Wireless carriers charge up to 20 cents per message, but what does the service actually cost providers? Virtually nothing
In the past few years, people seem to be forgoing the conventional phone conversation to punching in short text messages on tiny keypads, all while mobile phone carriers have cashed in lucratively.
Sensing a potential rip-off, Wisconsin Sen. Herb Kohl, the chairman of the Senate antitrust subcommittee, began to take a closer look at the doubling of prices American carriers were charging customers.
Sen. Kohl soon discovered that text messages are essentially very small files, costing carriers close to nothing to transmit.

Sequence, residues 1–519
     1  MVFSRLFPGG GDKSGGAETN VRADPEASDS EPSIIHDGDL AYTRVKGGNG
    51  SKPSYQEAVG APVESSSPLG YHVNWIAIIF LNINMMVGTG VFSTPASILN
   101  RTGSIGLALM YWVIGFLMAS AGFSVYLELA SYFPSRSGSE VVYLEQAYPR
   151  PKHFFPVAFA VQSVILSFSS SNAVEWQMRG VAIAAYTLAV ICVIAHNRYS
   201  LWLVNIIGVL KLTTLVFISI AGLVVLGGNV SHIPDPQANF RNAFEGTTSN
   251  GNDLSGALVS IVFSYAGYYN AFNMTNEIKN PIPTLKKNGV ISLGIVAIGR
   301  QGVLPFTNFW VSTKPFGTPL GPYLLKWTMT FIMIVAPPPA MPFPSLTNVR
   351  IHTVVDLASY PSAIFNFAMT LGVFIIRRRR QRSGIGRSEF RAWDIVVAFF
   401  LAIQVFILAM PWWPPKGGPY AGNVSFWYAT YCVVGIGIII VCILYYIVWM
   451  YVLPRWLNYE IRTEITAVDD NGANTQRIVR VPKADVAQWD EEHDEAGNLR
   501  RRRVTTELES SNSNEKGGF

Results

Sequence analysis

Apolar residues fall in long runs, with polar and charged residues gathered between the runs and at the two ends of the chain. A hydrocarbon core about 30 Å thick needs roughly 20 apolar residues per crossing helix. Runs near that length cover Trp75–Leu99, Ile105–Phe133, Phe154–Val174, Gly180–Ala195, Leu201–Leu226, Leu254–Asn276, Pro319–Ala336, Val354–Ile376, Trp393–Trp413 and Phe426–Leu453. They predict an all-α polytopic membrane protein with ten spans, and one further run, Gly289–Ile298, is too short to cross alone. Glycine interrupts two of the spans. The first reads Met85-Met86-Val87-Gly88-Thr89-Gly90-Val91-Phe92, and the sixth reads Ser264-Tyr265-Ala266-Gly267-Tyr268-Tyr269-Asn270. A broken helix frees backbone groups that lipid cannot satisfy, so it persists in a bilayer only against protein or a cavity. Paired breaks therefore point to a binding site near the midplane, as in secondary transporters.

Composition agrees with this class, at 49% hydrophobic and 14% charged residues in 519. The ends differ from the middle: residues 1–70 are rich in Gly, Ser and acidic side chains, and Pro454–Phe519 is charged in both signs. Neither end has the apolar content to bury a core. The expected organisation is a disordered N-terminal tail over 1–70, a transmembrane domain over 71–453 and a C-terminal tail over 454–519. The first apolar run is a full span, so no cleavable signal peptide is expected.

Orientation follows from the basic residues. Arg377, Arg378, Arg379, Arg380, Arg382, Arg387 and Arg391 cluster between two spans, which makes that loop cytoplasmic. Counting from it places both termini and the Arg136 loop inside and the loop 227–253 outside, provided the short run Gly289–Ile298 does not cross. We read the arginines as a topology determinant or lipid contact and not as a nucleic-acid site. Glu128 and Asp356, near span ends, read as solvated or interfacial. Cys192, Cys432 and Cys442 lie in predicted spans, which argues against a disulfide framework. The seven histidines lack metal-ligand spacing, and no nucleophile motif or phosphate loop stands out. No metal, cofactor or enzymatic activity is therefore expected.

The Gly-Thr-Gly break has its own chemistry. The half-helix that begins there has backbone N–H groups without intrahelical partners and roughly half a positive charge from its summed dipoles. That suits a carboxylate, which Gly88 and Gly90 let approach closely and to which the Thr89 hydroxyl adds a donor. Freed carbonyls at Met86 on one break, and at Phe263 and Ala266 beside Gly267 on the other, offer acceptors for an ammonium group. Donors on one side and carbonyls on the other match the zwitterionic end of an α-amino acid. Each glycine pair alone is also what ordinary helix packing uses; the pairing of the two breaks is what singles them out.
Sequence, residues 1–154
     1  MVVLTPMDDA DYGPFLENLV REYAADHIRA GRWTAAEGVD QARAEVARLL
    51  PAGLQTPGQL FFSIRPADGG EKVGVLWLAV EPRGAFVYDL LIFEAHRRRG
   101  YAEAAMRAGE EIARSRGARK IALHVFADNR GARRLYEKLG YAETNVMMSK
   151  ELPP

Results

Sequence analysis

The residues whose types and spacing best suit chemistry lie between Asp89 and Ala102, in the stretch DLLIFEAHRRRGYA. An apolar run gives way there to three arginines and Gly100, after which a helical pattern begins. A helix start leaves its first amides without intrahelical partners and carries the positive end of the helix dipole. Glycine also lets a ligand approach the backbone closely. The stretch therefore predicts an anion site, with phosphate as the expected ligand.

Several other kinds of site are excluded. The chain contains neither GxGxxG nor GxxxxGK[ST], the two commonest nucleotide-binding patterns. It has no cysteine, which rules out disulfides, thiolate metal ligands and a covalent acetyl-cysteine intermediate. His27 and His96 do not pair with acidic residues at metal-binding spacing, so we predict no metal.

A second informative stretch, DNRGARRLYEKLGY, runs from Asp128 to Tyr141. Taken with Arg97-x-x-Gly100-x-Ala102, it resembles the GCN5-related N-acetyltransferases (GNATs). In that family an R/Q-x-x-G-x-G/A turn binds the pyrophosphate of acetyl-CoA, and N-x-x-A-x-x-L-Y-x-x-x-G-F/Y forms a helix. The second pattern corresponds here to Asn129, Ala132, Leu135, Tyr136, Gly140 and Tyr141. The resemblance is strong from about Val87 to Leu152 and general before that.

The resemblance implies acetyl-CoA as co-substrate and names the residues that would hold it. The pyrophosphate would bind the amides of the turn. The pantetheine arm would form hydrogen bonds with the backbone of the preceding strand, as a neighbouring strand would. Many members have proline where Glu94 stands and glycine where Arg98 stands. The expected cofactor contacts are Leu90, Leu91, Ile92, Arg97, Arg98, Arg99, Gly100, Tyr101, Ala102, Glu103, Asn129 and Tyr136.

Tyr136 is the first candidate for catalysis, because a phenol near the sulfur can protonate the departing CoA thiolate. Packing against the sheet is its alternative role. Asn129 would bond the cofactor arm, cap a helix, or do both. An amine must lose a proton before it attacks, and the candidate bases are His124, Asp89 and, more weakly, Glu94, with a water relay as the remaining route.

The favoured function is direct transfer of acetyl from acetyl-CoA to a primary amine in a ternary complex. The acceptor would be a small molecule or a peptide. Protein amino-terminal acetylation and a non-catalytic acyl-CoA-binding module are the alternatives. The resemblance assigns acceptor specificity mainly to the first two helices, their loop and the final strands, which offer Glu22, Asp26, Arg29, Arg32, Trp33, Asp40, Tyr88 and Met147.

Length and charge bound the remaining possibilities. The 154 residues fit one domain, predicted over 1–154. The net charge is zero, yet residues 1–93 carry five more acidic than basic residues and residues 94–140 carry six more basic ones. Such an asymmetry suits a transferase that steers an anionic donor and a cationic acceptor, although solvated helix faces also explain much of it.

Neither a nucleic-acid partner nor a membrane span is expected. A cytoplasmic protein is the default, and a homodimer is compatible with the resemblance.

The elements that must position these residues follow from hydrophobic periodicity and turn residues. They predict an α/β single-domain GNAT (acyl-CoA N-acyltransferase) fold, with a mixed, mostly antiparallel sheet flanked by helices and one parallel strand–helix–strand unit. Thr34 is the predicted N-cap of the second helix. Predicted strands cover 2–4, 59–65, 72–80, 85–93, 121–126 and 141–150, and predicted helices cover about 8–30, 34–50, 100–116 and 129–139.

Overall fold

"Text messaging files are very small," the senator said, "as the size of text messages are generally limited to 160 characters per message, and therefore cost carriers very little to transmit."
Text messages aren't just tiny, they're also free riders tucked into control channels, or space reserved for operation of the wireless network. The channel uses space whether or not a text message is inserted.
This explains why a message has limited character space. It must not exceed the length of the message used for internal communication between tower and handset to set up a call.